Vitamins for Gout: It's Not Just Cherries Any More
Vitamins for Gout - If you've ever had an attack of gout, you might need someone to tell you what it is, but you won't need anyone to tell you that you've had it. An excruciating pain wakes you up in the middle of the night, usually in your big toe.
You try to get back to sleep, but the pain gets worse and worse. By morning you can't stand the weight of a bed sheet, much less the pain of putting on a shoe.
If you'd only the known there were vitamins for gout, you'd surely have taken them.
Gout has these unmistakable symptoms:
Sudden, intense pain, beginning in the big toe, ankle, heel, or instep. Later in the attack or in future attacks, pain may also occur in the knees, elbows, wrists, or rib cage.
Red, swollen joints, especially the toes, ankles, thumbs, fingers, and elbows.
Attacks may occur at the same time as attacks of kidney stones.
This disease of middle-aged men is caused by unusually high blood levels of a waste product called uric acid. In healthy people, uric acid is removed by the urine.
In gout-prone people, it crystallizes in joints, typically in the lowest parts of the body first, then in the lowest parts of the arms (the fingers up), and finally in the kidneys and skin. For every 100 men affected by gout, the disease occurs in only one woman.
The symptoms of gout come and go. In the absence of treatment with diet or vitamins for gout, uric acid can accumulate for months or years without symptoms, then an attack can come on suddenly. Once symptoms occur, they tend to worsen without treatment.
There are effective conventional medications for gout (based, interestingly, on chemicals found in the autumn crocus), but these drugs tend to have potent side effects. Fortunately, vitamins for gout and the more traditional food remedy, cherries for gout, can be as effective as medication. Let's look at the food cure first.
Ever since a Texas doctor published a paper on cherries as a cure for gout 55 years ago, this common fruit has been the treatment of choice for millions of holistically minded gout sufferers. The first clinical test of treatment with cherries, however, was only reported in 2003.
Researchers at the University of California at Davis recruited 10 women who had gout for a test of various kinds of fruit for removing uric acid from the bloodstream.
The scientists found that eating grapes, strawberries, or kiwifruit would not take appreciable amounts of uric acid out of the bloodstream and would not treat gout. They confirmed the old information that eating about 45 pitted cherries, however, would remove an average of 18% of the uric acid in the bloodstream over a 5-hour period.
The study confirmed the anecdotal experiences of tens of thousands of people that cherries treat gout. The scientists took the experiment a step farther, however, and noted that of all the fruits tested, only cherries contained vitamin C in its oxidized form.
The vitamin C in most fruits is in a "reduced" form, ready to neutralize free radicals of oxygen. The vitamin C in cherries is in an "oxidized" form that prevents the formation of free radicals in the first place.
The clear implication is, if you can't eat cherries, you can take vitamin C as at least one of your vitamins for gout. But you don't have to rely on guesswork, recently reported research confirms that vitamin C is among the best vitamins for gout.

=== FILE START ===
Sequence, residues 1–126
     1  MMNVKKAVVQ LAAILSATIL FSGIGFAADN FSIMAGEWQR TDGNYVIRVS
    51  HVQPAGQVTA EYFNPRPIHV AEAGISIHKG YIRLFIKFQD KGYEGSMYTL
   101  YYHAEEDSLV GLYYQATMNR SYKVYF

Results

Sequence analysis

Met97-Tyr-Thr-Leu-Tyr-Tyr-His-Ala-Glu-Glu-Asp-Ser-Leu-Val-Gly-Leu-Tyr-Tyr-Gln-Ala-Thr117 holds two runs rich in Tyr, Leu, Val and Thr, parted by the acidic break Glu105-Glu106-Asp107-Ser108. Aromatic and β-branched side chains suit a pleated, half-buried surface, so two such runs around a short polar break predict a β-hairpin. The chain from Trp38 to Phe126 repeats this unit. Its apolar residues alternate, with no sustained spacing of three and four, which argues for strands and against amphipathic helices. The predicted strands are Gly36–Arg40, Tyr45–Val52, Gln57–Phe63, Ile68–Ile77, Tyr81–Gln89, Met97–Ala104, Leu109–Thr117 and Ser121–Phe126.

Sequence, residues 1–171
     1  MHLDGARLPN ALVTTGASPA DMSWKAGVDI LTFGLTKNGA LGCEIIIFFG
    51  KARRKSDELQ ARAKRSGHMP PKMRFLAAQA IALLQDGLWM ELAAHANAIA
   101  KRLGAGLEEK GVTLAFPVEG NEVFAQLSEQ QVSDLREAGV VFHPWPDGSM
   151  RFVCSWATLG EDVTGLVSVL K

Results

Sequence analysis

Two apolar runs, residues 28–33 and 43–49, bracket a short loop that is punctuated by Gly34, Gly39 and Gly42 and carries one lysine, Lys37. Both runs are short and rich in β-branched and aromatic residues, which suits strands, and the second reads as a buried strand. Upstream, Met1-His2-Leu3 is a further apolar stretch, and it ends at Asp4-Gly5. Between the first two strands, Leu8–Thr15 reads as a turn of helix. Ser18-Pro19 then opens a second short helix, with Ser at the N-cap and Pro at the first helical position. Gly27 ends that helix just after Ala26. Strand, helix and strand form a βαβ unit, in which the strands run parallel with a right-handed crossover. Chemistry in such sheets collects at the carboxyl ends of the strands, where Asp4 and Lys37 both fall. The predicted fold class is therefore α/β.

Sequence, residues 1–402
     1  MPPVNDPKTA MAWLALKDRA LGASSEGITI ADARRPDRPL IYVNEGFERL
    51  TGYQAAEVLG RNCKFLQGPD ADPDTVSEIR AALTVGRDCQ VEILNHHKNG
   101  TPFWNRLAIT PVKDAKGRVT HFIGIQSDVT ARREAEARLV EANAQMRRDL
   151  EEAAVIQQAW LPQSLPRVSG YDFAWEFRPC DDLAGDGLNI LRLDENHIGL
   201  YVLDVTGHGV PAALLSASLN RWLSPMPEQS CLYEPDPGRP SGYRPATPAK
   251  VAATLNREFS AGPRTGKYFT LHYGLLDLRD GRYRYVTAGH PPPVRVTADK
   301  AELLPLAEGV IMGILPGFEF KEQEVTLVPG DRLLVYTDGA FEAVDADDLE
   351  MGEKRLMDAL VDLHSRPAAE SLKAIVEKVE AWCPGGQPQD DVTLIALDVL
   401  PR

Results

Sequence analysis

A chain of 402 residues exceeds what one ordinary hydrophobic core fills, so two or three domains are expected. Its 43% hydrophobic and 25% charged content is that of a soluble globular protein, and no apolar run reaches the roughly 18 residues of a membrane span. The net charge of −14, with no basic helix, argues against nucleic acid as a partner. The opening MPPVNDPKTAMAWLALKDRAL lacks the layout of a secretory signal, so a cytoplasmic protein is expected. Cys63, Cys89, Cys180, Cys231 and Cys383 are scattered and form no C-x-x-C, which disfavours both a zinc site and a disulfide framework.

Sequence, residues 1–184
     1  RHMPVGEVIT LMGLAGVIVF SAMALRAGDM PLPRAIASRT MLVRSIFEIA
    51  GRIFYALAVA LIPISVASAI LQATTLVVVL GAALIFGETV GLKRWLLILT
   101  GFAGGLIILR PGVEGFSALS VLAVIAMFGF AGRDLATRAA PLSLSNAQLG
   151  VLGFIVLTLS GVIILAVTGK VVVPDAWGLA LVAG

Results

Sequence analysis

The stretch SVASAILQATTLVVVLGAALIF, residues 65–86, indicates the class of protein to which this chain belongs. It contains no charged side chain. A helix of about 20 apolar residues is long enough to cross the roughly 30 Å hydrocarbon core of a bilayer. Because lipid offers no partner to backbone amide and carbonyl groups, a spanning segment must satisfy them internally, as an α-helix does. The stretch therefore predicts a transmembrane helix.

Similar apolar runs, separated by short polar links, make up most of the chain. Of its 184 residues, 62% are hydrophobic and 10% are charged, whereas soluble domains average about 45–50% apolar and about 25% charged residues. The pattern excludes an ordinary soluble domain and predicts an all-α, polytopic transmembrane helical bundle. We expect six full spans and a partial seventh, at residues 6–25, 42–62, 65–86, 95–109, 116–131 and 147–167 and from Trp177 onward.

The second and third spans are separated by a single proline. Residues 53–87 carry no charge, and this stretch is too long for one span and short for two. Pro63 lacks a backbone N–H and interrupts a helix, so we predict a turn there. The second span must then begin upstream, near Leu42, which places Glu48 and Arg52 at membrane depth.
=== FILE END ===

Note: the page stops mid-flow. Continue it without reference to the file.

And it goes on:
Researchers at Johns Hopkins University in Baltimore publishing in the June 2005 edition of the journal Arthritis and Rheumatology found that taking 500 milligrams of vitamin C a day definitely lowers the amount of uric acid in the bloodstream. Taking uric acid out of circulation lessens the likelihood of gout attacks. It makes them less severe when they occur.
The Johns Hopkins researchers confirmed findings reported earlier by scientists at the National Taiwan Normal University in the American Journal of Clinical Nutrition in 2003.
Studying Chinese men, the Taiwanese scientists reached the surprising conclusion that meat consumption, fat consumption, total protein consumption, soy consumption, and consuming the purine-rich foods normally forbidden to gout sufferers had no relationship to the number or severity of gout attacks.
In other words, at least in the Chinese study, restricted diet did not help gout and is not necessary.
What the Chinese scientists found did help was vitamins for gout.
Specifically, they found a protective benefit from vitamin C and folic acid. They also found a protective effect from eating fruits and vegetables rich in fiber.
Maintaining normal weight was also important. Avoiding meat, nuts, soy, whole grains, beans, peas, lentils, asparagus, cauliflower, sprouts, spinach, and mushrooms was not.
What's the scientists' bottom line about vitamins for gout? Get your fiber and vitamins B and C. Make sure your supplement provides at least 400 milligrams of vitamin C a day and at least 5 milligrams of folic acid. And for your best protection, choose a supplement that provides the complete range of nutrients you need for good health, in an easy to remember daily dose. Be sure that your supplement can be taken any time of day. You shouldn't have to take it with food.
One company that produces a balanced daily nutritional supplement you don't need to take with food is Xtend-Life Natural Products from New Zealand. Their flagship product, Total Balance
, is a balanced daily nutritional supplement containing all the vitamins, minerals, antioxidants, and phytonutrients you need in a single, easy-to-take blend with an enteric coating so you can take it anytime without food.
We take Total Balance ourselves and are very happy with the results. It is in covered it in detail in the "what we take tab" on the upper left hand portion of this page.